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Tanzanian authorities and INTERPOL have just made a major seizure of fake and substandard drugs, spanning 273 types of medicines sold in the country.
While good news, it’s a stark reminder that Africa remains ground zero in the global war on bad medicine. We are gaining ground against counterfeit criminals and negligent manufacturers — country by country, battle by battle — but the fact is we will not win the war until we create better laws and harmonization among countries. And to do that we need a treaty that gives regulators and police the right to traverse borders, just our enemies do to peddle their deadly wares.
A recent study by the National Institutes of Health found that up to a third of antimalarial medicines sold in Africa are of poor quality. Other studies have shown significant problems with other, notably antibiotics and tuberculosis treatments.
Some of the culprits were African companies, but others were located in India, China, Pakistan, and further afield, producing shoddy products or colluding with intermediaries to push outright fakes.
Nigeria is among several African countries leading the charge to protect patients against this assault.
A decade ago, nearly half the medicines sampled in Nigeria failed basic quality control tests.
Five years ago, the failure rate was under 17 percent, and today it is below 15 percent according to a study we have published with colleagues.
Like our regional partners in Africa, we have achieved this success through a range of concerted policies and actions.
NAFDAC, the Nigerian Agency for Drugs Administration and Control, has frequently shut down retailers unable to provide an invoice for their drugs or proof of a legal transaction.
Increasing penalties for criminal actions and regulatory violations, coordinating with customs and police, working with INTERPOL and other international agencies, and preventing substandard producers from India and China exporting to Nigeria, have all helped to improve medicine quality.
Furthermore, NAFDAC has pioneered the use of mobile technology to prevent patients buying poor quality medicines, at customs and border crossings and at pharmacies.
The device is a hand-held raman spectrometer, TruScan, developed by ThermoFisher to help the US military identify explosive and lethal materials.
Like other such devices, it is designed to withstand harsh conditions and can be used with basic training.
NAFDAC has deployed it for more than three years with effect, most notably intercepting at customs tens of thousands of fake packages of the Indian antimalarial Lonart, which had been manufactured by Chinese criminals.
In the first-ever large-scale field study of this technology, we just published an analysis of 2,205 samples of essential medicines — including antimalarials, antibiotics and analgesics from pharmacies across Nigeria — collected by NAFDAC and tested both in a standard lab and with TruScan.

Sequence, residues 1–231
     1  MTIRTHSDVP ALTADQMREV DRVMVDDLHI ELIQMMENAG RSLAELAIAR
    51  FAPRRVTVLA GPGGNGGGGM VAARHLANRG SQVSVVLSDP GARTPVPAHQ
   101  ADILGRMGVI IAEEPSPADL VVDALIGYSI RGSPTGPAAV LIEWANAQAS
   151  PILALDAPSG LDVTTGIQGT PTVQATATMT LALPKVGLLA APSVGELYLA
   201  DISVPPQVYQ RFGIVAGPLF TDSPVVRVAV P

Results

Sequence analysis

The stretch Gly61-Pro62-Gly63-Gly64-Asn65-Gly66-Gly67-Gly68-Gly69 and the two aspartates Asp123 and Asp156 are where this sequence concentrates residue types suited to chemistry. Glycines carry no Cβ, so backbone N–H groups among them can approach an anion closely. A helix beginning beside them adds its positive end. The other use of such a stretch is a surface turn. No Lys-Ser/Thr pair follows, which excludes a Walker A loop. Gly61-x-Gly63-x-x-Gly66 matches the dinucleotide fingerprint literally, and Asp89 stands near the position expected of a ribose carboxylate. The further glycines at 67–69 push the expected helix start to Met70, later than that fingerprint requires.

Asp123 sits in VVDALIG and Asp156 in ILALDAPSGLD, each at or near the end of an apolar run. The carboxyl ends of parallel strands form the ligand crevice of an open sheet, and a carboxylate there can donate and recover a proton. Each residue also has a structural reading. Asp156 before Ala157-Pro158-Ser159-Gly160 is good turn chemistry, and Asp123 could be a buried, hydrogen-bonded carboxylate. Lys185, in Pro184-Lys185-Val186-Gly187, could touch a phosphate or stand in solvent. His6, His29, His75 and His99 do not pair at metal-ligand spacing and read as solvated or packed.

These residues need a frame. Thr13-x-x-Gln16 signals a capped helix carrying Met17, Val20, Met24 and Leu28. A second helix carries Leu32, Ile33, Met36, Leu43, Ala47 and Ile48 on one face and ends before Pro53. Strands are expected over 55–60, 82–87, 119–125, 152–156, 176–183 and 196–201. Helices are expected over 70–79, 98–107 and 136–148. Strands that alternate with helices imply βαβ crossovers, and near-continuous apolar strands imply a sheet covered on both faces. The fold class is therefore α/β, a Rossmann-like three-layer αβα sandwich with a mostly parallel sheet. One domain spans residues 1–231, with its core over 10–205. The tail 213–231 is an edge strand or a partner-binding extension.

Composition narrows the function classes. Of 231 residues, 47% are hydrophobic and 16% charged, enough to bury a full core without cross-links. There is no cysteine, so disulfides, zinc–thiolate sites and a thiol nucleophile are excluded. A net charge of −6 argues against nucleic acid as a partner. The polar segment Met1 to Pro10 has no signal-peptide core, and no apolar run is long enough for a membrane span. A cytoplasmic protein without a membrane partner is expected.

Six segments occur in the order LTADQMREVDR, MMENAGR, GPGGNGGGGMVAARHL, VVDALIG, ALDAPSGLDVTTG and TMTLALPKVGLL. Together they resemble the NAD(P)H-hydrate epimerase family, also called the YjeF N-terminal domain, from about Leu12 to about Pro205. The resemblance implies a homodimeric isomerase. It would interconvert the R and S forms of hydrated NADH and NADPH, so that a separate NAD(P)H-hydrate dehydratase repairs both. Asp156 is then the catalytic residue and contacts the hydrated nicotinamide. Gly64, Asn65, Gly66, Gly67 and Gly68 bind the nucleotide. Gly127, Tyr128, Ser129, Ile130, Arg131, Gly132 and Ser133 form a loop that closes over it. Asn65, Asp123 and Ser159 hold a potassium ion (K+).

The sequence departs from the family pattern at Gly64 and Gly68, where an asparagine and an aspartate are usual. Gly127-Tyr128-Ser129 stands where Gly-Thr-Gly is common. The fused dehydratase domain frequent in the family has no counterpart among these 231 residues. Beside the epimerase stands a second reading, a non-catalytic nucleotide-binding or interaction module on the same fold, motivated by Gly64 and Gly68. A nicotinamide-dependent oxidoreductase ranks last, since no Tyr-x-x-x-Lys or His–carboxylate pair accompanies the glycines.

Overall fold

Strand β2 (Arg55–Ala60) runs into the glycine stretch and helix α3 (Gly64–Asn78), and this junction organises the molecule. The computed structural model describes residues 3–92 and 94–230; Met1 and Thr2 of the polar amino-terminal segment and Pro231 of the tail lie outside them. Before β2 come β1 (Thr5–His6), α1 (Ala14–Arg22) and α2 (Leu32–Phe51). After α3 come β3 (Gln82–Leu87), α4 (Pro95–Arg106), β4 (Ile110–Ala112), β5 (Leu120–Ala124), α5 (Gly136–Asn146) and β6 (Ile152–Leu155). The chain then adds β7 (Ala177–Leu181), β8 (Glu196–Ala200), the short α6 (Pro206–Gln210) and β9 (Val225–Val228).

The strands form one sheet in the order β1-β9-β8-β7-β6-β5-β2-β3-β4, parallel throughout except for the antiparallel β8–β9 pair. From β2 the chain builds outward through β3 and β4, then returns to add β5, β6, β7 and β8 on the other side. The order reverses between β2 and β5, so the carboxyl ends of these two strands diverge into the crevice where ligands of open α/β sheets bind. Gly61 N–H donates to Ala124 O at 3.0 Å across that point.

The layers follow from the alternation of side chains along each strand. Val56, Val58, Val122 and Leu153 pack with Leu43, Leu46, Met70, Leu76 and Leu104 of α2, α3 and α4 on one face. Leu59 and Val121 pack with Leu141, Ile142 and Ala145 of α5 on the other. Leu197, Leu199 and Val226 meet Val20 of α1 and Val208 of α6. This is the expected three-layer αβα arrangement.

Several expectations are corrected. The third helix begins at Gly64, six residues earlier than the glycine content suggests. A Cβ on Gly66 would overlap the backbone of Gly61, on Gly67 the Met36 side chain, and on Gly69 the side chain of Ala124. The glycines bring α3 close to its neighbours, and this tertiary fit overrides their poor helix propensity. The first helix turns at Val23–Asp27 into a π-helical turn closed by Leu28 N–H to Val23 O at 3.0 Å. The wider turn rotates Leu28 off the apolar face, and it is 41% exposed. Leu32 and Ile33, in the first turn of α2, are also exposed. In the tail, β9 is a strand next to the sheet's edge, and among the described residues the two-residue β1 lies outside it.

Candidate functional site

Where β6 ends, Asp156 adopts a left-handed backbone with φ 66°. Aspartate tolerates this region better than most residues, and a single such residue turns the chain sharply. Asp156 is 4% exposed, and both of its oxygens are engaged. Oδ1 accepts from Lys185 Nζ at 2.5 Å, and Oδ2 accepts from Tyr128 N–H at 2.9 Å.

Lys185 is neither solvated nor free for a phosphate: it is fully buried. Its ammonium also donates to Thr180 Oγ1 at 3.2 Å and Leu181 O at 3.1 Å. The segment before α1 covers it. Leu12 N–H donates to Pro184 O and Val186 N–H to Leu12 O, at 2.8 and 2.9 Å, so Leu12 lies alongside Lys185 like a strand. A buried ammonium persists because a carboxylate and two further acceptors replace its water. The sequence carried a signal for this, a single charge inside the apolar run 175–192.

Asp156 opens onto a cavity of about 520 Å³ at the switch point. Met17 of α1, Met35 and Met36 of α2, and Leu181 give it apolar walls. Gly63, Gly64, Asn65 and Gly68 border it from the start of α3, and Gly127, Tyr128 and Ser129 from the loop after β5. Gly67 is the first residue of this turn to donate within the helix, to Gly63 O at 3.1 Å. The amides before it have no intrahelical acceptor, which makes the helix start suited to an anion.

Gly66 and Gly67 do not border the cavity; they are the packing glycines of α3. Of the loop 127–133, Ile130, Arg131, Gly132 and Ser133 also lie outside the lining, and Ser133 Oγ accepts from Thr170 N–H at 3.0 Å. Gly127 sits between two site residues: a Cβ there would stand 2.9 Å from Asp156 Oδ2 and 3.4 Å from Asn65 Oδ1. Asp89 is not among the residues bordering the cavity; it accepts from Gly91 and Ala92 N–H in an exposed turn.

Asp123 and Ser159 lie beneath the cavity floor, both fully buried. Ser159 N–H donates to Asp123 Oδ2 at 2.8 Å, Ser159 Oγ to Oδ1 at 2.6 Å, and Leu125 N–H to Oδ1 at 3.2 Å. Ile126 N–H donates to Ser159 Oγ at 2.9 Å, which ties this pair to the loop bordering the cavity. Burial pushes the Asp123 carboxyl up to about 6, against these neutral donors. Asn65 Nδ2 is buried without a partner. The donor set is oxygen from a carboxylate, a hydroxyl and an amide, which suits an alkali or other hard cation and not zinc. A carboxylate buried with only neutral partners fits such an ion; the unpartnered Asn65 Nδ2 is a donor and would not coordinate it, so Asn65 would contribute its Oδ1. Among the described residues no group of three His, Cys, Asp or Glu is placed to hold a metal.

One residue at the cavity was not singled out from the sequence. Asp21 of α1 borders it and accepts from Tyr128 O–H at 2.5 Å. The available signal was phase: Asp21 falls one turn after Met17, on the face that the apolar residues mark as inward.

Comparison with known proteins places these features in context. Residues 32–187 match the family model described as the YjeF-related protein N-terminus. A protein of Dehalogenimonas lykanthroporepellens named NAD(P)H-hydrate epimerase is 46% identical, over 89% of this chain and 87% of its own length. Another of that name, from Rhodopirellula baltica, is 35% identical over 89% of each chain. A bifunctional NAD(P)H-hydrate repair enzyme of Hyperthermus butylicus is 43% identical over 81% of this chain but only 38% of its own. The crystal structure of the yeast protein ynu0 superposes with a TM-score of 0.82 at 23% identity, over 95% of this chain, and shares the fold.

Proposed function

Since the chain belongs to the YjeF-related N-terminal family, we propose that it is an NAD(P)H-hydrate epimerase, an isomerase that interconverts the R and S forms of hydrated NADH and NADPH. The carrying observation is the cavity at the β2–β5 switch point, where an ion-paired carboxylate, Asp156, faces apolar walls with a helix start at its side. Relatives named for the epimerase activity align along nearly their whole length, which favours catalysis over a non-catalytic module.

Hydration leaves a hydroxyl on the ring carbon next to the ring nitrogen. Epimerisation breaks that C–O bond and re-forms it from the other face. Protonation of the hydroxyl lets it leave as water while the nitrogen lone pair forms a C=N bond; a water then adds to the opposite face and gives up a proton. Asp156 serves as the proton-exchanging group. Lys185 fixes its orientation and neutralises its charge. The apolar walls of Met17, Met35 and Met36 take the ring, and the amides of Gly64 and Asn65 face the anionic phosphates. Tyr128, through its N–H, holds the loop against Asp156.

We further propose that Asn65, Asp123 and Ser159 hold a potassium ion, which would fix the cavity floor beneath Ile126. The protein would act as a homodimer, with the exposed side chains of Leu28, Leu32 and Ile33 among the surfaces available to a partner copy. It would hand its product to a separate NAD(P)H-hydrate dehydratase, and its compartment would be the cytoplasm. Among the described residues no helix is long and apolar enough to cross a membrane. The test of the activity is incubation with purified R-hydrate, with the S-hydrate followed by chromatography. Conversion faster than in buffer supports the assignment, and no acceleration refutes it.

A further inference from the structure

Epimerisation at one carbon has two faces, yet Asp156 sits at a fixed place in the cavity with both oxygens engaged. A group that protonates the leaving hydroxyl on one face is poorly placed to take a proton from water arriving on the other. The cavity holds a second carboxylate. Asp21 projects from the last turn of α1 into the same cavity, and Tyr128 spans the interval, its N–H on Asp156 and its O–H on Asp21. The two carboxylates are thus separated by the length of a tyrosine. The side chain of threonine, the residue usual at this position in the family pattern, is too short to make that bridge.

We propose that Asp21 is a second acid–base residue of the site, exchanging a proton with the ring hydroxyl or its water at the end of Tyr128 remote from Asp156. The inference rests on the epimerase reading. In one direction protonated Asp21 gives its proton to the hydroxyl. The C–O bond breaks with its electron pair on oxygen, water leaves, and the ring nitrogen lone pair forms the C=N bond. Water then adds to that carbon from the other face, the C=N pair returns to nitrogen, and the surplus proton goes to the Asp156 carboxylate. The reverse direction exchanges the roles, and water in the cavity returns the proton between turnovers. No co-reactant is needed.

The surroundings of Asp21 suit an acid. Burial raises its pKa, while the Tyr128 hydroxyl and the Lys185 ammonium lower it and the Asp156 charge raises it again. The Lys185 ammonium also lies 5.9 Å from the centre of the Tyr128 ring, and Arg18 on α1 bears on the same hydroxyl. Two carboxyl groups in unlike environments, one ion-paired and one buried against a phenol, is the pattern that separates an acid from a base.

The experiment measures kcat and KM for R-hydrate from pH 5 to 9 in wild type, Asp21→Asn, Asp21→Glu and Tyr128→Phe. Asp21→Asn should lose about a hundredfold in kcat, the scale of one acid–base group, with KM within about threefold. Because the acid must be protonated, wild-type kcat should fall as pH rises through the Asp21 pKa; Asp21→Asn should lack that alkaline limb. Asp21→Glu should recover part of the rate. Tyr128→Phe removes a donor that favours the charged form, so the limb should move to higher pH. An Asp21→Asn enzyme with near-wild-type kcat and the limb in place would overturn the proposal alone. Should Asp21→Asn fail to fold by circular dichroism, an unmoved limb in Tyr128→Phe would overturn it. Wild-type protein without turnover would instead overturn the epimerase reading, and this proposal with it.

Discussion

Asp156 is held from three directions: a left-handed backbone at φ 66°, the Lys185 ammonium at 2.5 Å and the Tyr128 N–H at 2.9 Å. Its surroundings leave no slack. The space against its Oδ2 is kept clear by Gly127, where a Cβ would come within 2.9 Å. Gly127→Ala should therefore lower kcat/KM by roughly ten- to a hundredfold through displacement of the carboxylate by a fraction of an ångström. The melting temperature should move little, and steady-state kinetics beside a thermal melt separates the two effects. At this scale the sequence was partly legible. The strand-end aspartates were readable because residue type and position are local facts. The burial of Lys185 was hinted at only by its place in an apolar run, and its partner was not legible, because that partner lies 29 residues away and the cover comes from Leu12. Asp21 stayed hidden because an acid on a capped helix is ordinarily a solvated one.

Just over 14 per cent failed comprehensive quality control tests. For approximately 90 per cent of samples, the TruScan and the laboratory results concurred. Notably, very few products passed the TruScan but failed in the laboratory (37, or 1.7 per cent of the total sample).
From a public health perspective, this is a robust result, as few undesirable products are assumed to be of high quality.
Furthermore, TruScan’s failure to identify dangerous products was almost entirely limited to one drug type known to exhibit excess fluorescence, leading to erroneous results. Armed with this knowledge other techniques can be deployed to screen this type of medicine, along with visual inspection of packaging and pills.
Still, there is only so much that Nigeria or any country can do on its own, or even through regional cooperation.
Winning the global war on bad medicine will require an international treaty that sets clear standards for drug quality — and enforces severe penalties for offenders.
Such a treaty would enhance cooperation among police and prosecutors in countries as far flung as Nigeria and India.
It would also create legally binding common technical standards in the international trade of medicines, which are essential to most every modern good or service you can imagine — from FedEx to phone calls. But most importantly, it would help protect patients in countries that lack the resources to effectively regulate their own drug supply.
Only one in three countries around the world have a robust national health regulator. Most have a poorly functioning system, or none at all.
We’ve had a global treaty against counterfeit bank notes since 1929. Surely patients deserve the same protections in the 21st century.
Until then, we may continue to win battles against purveyors of fake and substandard medicines, armed with new technologies and strong political leadership. But we will never win the war on bad medicine.
Paul Orhii is the Director General of the NAFDAC, and Roger Bate is the author of “Phake: The Deadly World of Falsified and Substandard Medicine,” an Adjunct Scholar at the American Enterprise Institute, and contributor at SearchingForSafety.net.
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